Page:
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Ed Helms Thinks Inside the Box


Ed Helms specializes in tapping into adolescent angst for comedic excellence, when bad things happen to earnest doofuses...

Helms displays a knack for playing well-meaning guys who don’t always cope so well with the circumstances they find themselves in.

Few of us escaped adolescence without suffering through at least one awful job, but Ed Helms had it worse than most. When the future comedian and actor was 13, he worked at a concession stand at a pool in his hometown of Atlanta. Though he was ostensibly there to sell snacks, he felt more like a puppet show for all the cruel youngsters who’d ridicule him. As he’d later tell an interviewer, it was like being trapped in a “little humiliation box.”

That true-life slice of teenage hell would also be perfect for a flashback to explain the personalities of the characters Helms has played since graduating from The Daily Show with Jon Stewart. Whether he’s getting under the skin of his Dunder Mifflin co-workers as Andy Bernard in The Office or surviving the worst that Las Vegas has to inflict on Stuart Price in the Hangover trilogy, Helms displays a knack for playing well-meaning guys who don’t always cope so well with the circumstances they find themselves in.

Vacation is Helms’ latest opportunity to endure some humiliation, albeit with results that are hilarious to anyone outside the box. He plays Rusty Griswold, a character whom viewers may remember from his pimple-faced incarnation in National Lampoon’s Vacation and its myriad sequels in the 1980s and ’90s. (Original star Chevy Chase, Rusty’s dad, has a cameo in the new movie along with onscreen wife Beverly D’Angelo.) Rusty now has a family of his own, as well as a fresh ambition to facilitate some bonding by travelling across the U.S. to the Walley World amusement park. As per the Griswold tradition, Rusty’s clan faces countless calamities, including a run-in with a menacing trucker, an ill-fated rafting expedition, and some truly terrifying motel rooms. (Chris Hemsworth’s six-pack abs are a more welcome sight for Christina Applegate as Rusty’s wife.)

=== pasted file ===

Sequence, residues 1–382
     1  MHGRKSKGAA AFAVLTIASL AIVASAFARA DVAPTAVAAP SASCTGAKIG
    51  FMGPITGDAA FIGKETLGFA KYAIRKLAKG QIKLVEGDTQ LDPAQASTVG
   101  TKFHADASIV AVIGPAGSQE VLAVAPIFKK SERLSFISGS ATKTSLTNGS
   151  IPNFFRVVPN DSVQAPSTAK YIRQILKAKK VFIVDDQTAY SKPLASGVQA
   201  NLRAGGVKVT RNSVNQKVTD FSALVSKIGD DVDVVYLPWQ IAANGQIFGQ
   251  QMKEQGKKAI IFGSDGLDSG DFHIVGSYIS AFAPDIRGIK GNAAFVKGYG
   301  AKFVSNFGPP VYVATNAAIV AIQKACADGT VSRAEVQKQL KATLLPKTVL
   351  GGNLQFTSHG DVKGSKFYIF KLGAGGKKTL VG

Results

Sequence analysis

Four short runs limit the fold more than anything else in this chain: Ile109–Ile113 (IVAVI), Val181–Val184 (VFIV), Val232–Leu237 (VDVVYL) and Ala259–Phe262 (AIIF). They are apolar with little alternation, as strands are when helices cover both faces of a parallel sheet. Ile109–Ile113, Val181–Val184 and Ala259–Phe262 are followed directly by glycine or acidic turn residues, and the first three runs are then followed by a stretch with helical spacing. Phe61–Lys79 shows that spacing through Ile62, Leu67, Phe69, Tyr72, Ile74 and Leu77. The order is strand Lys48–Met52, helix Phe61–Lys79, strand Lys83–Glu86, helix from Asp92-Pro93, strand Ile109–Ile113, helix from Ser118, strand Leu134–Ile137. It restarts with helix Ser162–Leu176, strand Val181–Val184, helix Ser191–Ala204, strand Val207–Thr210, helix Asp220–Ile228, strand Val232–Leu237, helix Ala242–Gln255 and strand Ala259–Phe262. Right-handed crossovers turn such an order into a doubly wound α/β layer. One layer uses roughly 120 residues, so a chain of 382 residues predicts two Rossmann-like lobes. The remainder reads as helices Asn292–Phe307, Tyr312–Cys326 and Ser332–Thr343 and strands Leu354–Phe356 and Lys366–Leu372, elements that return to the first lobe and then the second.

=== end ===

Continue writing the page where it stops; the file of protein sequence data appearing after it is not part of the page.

“We’re maybe a little less cool...”

Yet some new wrinkles help distinguish this Vacation from its predecessor. One has to do with the difference between Helms’ hapless hero and the cockier kind favoured by ’80s comedy stars like Chase and Eddie Murphy. Unlike them, Helms’ characters have yet to find their mojo. “We’re maybe a little less cool,” the actor said in an interview last year.

According to the actor, Rusty also shares something with other characters he has played: a sense of desperation. “With Rusty, it’s this desperation to have fun and to keep everybody’s spirits up,” Helms explained. Though he believes he has more social grace than Rusty, “I do feel the way he feels quite often.”

Thankfully, playing “earnest doofuses” is what Helms likes doing best.

The same quality underscores Helms’ performance as the small-town insurance agent whose life comes apart during a convention in the 2011 indie comedy Cedar Rapids. At the time of Cedar Rapids release, Helms joked with WTF podcast host Marc Maron about the suggestion he’s been typecast. “I’m kind of like: ‘Well, no one’s gonna give me the James Bond parts! We have to be realistic about our parameters here!’" Indeed, it’s harder to imagine Helms as an international man of mystery than as a super nice dude who enjoys playing banjo in his down time. (Helms really did release an album with his bluegrass band last year.)

Thankfully, playing “earnest doofuses” is what Helms likes doing best. “I feel like I move through the world a little more earnestly,” he told Maron, “like always sort of not understanding what’s going on around me.”

It’s all part of a comedic sensibility that he first began to develop when he came to New York in the late 1990s to study improv with the Upright Citizens Brigade and try his luck as a stand-up. “I love to find a way to love these awkward or scared characters, like Andy on The Office,” Helms said on WTF. “He’s so not lovable — if that guy really did work next to you, you’d despise him. But if you give him a good heart and make him well-intentioned, [he] can still be awful but you root for him — you want him to do it right.”

That’s something else Helms can relate to. “I never really questioned whether or not I was a good person when I was a kid or a teenager, but I definitely struggled with my pettiness or acting out in stupid ways.”

After getting ample opportunities to work through those old neuroses by sucking up to Michael Scott or facing down Mike Tyson’s tiger, Helms will do it for more dramatic purposes later this year — he co-stars with Hilary Swank in The One Percent, a forthcoming TV series by the Oscar winners behind Birdman.

In the meantime, he can stick with the business of getting laughs in the reliable guise of an earnest doofus who learns over and over that life is no Walley World ride, but who somehow never loses his pluck.

Jason Anderson writes about movies for Cinema Scope, FFWD, and the Toronto Star.